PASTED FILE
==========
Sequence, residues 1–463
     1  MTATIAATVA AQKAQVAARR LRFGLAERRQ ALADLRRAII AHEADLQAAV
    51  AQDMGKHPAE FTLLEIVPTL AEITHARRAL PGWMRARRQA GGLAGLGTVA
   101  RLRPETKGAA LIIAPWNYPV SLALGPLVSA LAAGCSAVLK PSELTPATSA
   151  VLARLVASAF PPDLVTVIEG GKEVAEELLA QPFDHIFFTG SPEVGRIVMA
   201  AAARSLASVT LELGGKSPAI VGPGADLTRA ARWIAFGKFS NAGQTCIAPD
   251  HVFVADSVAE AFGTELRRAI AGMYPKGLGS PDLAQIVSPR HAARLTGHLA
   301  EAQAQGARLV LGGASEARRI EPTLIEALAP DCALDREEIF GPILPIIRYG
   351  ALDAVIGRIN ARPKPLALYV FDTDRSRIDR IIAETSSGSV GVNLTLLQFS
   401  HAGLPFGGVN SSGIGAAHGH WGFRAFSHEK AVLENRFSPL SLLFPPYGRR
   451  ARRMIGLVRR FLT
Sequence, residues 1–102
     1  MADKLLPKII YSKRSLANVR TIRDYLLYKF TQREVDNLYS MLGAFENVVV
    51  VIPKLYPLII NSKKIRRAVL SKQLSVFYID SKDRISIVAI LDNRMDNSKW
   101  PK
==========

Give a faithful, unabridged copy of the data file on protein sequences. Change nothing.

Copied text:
Sequence, residues 1–463
     1  MTATIAATVA AQKAQVAARR LRFGLAERRQ ALADLRRAII AHEADLQAAV
    51  AQDMGKHPAE FTLLEIVPTL AEITHARRAL PGWMRARRQA GGLAGLGTVA
   101  RLRPETKGAA LIIAPWNYPV SLALGPLVSA LAAGCSAVLK PSELTPATSA
   151  VLARLVASAF PPDLVTVIEG GKEVAEELLA QPFDHIFFTG SPEVGRIVMA
   201  AAARSLASVT LELGGKSPAI VGPGADLTRA ARWIAFGKFS NAGQTCIAPD
   251  HVFVADSVAE AFGTELRRAI AGMYPKGLGS PDLAQIVSPR HAARLTGHLA
   301  EAQAQGARLV LGGASEARRI EPTLIEALAP DCALDREEIF GPILPIIRYG
   351  ALDAVIGRIN ARPKPLALYV FDTDRSRIDR IIAETSSGSV GVNLTLLQFS
   401  HAGLPFGGVN SSGIGAAHGH WGFRAFSHEK AVLENRFSPL SLLFPPYGRR
   451  ARRMIGLVRR FLT
Sequence, residues 1–102
     1  MADKLLPKII YSKRSLANVR TIRDYLLYKF TQREVDNLYS MLGAFENVVV
    51  VIPKLYPLII NSKKIRRAVL SKQLSVFYID SKDRISIVAI LDNRMDNSKW
   101  PK